“It is not true we have only one life to love, if we can read, we can live as many lives and as many kinds of lives as we wish.”― S.I. Hayakawa
As an avid reader, I have multiple bookstores websites saved to my bookmarks. From ranges in price to different book covers, I constantly browse different sites to get the best possible deal and add to my endless collection of books. Two of my favorite websites is Barnes & Noble and Waterstones. Barnes & Noble is one of my go-to websites because I am a part-time employee at B&N and receive a generous discount, but sometimes it can be tricky to use. I also like Waterstone because they are a UK company and provide different book covers and a slightly different set up than Barnes & Noble.
But, which one is easier to use? To find out, I compared each one side by side and focused on my feelings and needs while interacting with each site. To define my thoughts, I used a feel/need statement. I feel ______ because my need for _______ is/ is not met.
For example, when looking at Waterstones’ navigation bar, I feel APPRECIATED and CALM because my need for ORDER and PURPOSE is met. The simplistic navigation bar gives just the right amount of options to navigate the site without providing too little information.
I also looked at each element from a User Experience design (UX) or User Interface design (UI) perspective. UX design focuses on the practical and emotional experience of the user toward a product or service, and in this case, the websites. UI focuses more on the look or aesthetic of the website. Both are important for a user, but a website can look amazing and function poorly or look outdated but function correctly. It’s important to find the perfect balance for the user.
I started this process by following my normal shopping process—starting at the homepage, checking out what’s new, and logging into my account. From there, I looked around each account, looked at the navigation and search bar, and looked at the product description page on my favorite book, The Invisible Life of Addie LaRue. Lastly, I looked at my cart, the check out process, and looked at each site’s loyalty program.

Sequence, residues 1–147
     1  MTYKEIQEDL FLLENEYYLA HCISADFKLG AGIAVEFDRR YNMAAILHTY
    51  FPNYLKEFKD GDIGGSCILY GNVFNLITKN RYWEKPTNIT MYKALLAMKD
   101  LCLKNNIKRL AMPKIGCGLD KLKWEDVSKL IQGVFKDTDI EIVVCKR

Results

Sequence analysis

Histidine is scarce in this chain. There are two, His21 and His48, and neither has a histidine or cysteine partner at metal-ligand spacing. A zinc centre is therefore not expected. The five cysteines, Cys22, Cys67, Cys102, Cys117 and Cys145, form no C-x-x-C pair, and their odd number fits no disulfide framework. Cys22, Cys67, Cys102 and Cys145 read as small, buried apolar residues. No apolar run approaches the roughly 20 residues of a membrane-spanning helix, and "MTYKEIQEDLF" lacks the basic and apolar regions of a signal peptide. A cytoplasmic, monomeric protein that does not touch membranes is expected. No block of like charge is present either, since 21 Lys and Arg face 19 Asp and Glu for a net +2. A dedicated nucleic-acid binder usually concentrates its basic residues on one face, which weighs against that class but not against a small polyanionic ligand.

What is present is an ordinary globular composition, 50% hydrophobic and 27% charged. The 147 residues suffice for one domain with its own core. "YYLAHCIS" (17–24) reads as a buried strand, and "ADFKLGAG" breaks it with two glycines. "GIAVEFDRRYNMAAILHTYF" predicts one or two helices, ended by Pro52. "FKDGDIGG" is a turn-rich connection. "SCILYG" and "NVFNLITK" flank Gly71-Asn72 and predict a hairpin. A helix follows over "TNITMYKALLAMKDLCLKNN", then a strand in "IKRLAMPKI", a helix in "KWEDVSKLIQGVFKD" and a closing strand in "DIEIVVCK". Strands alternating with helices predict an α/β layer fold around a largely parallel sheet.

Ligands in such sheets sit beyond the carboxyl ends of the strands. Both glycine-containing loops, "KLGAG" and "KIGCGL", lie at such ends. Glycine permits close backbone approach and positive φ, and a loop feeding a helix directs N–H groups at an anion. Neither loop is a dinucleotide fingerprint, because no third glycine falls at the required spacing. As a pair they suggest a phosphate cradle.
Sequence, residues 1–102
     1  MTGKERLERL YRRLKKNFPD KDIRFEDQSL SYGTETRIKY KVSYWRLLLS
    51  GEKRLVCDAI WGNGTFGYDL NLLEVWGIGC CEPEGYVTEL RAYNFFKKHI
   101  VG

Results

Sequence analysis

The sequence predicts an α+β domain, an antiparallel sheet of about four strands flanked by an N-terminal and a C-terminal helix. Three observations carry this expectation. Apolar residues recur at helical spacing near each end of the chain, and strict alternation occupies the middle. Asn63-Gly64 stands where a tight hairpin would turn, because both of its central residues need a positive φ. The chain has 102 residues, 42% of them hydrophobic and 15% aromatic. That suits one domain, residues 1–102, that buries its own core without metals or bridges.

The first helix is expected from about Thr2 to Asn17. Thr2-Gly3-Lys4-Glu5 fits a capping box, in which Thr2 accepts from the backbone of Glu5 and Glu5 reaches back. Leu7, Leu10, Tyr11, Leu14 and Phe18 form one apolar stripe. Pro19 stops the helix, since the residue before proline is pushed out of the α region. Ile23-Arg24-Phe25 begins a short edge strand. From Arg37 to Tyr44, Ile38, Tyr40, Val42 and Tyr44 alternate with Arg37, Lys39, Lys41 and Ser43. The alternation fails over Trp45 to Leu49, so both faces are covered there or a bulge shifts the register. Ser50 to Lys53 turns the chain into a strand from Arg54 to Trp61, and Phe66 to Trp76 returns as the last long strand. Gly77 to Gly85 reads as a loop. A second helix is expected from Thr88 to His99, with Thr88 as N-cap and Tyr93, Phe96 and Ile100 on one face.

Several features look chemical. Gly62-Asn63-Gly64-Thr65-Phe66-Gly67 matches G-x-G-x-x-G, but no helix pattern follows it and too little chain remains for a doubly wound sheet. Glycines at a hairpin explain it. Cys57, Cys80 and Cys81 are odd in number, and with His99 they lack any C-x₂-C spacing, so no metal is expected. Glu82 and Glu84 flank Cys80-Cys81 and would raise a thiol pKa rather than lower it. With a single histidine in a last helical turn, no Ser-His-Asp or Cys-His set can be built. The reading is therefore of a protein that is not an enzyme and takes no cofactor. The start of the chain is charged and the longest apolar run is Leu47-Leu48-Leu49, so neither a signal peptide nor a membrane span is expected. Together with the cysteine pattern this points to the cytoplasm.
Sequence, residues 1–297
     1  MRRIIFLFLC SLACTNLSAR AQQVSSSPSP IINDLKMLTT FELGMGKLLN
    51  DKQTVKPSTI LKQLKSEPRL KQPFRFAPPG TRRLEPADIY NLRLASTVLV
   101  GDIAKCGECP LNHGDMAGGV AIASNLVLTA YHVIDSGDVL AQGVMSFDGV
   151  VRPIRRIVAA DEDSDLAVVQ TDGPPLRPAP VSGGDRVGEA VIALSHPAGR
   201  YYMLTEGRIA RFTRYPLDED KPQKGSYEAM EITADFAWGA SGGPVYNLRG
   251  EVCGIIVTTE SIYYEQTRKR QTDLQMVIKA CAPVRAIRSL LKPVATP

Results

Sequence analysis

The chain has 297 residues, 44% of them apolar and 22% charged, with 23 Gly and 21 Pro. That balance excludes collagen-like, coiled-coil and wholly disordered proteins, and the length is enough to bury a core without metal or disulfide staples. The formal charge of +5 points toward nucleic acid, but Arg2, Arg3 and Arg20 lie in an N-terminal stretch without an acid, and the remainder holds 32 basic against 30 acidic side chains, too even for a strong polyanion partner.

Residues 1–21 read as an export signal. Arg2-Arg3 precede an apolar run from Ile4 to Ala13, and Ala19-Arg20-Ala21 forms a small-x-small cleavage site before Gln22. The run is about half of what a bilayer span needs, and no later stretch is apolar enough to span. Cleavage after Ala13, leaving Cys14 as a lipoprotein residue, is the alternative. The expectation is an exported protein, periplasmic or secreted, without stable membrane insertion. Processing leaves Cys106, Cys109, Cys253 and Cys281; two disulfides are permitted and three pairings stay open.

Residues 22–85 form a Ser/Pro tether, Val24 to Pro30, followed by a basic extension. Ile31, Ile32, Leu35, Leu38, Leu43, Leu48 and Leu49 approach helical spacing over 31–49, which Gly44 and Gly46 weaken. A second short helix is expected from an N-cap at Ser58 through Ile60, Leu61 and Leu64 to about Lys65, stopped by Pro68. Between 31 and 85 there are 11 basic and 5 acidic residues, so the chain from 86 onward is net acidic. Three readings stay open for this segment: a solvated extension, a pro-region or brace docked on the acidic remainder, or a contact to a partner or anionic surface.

After assessing my feelings and needs, I concluded that I enjoyed the usability and presentation of the Waterstones’ website more than Barnes & Noble.
Waterstones provided me with an enjoyable experience. It had clear labels, a simple navigation bar, and the site was easy to navigate. I loved interacting with the search bar. Seeing the book cover pop up in the search results made me excited to get to the product display page. I also loved their aesthetic and color palette. It felt clean, modern, and I liked the layout. Overall, I only felt positive emotions while using the site and felt motivated to use the service again.
Barnes & Noble provided a lot of helpful information, but it made me feel indifferent and overwhelmed at times. There were too many labels, a busy navigation bar, and sometimes the site was challenging to use. There were multiple times where I saw coding if I clicked on a link, which was very confusing to me as a user. I did try to keep in mind that their servers were hacked a few months ago, and as a result, their website has been having problems, but it was still very frustrating to see. The search bar also gave me three options for a book while giving me the same options on the product page, so the information is redundant. Lastly, the aesthetic of the site had some problems as well. The photo on the main page didn’t load, and there didn’t seem to have a consistent color palette. Overall, I didn’t have the best experience while using the site, so it made me question whether I would use it again.
Check out the full list of findings here!
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